Coastal ecosystem connectivity: watershed management, sedimentation and the response of coral reefs.
Otaño Cruz, Abimarie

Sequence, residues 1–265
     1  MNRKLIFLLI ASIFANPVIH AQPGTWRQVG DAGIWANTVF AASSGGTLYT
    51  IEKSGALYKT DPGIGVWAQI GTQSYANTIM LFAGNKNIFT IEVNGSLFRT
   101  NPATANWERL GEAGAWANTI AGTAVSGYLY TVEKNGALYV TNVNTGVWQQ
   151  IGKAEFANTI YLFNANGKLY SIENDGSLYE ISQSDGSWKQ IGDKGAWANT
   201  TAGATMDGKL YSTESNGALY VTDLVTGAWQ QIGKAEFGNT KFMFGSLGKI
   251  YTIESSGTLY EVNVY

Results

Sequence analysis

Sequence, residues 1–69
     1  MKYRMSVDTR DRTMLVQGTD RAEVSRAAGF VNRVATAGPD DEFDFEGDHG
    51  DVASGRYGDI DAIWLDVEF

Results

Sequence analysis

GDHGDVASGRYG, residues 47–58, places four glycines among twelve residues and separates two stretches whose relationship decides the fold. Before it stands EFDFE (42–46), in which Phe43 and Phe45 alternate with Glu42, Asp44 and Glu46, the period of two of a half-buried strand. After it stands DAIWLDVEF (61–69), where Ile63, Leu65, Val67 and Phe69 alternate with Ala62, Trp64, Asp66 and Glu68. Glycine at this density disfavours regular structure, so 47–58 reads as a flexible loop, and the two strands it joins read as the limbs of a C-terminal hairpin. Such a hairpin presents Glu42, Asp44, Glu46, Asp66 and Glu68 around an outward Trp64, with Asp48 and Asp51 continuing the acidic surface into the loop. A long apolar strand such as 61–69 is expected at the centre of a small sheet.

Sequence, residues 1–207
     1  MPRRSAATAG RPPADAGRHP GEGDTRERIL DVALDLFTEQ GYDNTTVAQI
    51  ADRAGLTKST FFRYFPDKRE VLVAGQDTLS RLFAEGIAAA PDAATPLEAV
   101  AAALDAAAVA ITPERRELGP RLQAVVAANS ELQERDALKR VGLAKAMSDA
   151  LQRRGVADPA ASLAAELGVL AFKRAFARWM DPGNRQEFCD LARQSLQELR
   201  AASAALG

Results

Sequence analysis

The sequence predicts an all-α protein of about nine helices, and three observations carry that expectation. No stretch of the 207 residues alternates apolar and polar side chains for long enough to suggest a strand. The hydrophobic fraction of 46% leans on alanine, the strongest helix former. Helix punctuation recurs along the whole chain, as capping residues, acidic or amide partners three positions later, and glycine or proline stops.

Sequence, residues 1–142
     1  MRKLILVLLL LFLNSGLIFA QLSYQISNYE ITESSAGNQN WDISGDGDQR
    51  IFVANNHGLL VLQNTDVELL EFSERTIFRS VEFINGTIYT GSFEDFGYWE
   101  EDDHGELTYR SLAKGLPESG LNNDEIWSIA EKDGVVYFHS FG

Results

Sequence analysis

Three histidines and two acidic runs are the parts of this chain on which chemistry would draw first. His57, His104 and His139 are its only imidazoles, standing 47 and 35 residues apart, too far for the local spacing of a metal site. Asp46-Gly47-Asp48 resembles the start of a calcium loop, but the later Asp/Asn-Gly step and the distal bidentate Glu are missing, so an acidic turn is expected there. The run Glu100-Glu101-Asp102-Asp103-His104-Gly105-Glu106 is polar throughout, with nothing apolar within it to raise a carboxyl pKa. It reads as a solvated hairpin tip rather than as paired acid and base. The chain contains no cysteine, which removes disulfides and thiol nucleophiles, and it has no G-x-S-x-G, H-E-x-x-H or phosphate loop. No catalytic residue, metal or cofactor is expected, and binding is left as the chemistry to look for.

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Coral reefs are among the most biologically productive and economically important ecosystem on Earth. Nevertheless, unsustainable coastal development and watershed alteration have increased soil erosion and sediment influx to coastal waters and have been linked to marine habitat degradation. Sedimentation has been identified as a main local threat to coral reefs worldwide. However, there is a lack of information regarding sedimentation dynamics and the potential effects to near-shore coral reefs benthic communities. The goal of this study was to assess spatio-temporal differences in sediment dynamics and sediment characteristics as a function of changing coastal land use patterns, weather, and oceanographic conditions. Also, the benthic community structure response to sedimentation in two reef locations (Bahía Tamarindo (BTA) and Punta Soldado (PSO)) was assessed in the small semi-arid island of Culebra, Puerto Rico. Sediment traps were deployed across a distance gradient from the shore and were monthly replaced from February 2014 to April 2015. Sedimentation rate, sediment texture, and composition were analyzed by dry sieving and loss-on-ignition techniques and were contrasted with environmental variables. Permanent belt transects of 10m[superscript 2] were assessed through high-resolution photo-quadrats by seasons from February 2014 to 2015.There were significant spatio-temporal differences in sedimentation rates over time (p=0.0001), and distance from shore (p=0.0040). At both sites, time series with increased sedimentation and terrigenous sediment rate were related to meteorological events with high rainfall and wave height. The spatial distribution of silt-clay and terrigenous sediments increased with rainfalls that exceeded 20 mm/hr, and sand resuspension was observed with wave height that exceeded 1.5m. The shallow reef areas, closer to shore were more exposed and vulnerable to sediment stress, suggesting that sediment influx had strong vii relationship with coastal runoff and changes in land use patterns. Coral diversity changed gradually through seasons as the reef experienced variations in sedimentation patterns. In the other hand, coral recruitment increased through seasons, even though it was lower in PSO zone B, area that received highest amount of terrigenous deposition after coastal watershed deforestation. Coral reef benthic community structure was significantly different among seasons (p=0.0020), site (p=0.0010), and distance zone (p=0.0010). Coral cover was significantly different among sites (pairwise, p=0.0010) with higher percent cover at areas less exposed to terrestrial sediment deposition.Changes in water quality due to stochastic local sediment related stressors are a major factor influencing phase shift towards reefs dominated by macroalgae communities. Sediment dynamics and near-shore coral reefs are highly impacted by rapid transformation of coastal watershed land uses, combined with changes in weather, precipitation patterns and oceanographic hydrodynamics. There is a need of integrating scientific information on the multiple and complex interactions between terrestrial and marine ecosystems that influences sedimentation dynamics and coral reefs response into management and decision-making processes. Ecosystem based management provides an holistic framework that if combined with an inclusive and participatory decision-making process could assist in the identification and implementation of effective management actions that could eliminate local stressors and achieve the conservation of coral reefs worldwide. These processes should take into account future climate scenarios and the need to strengthen coral reef resilience to guarantee human coastal communities livelihoods.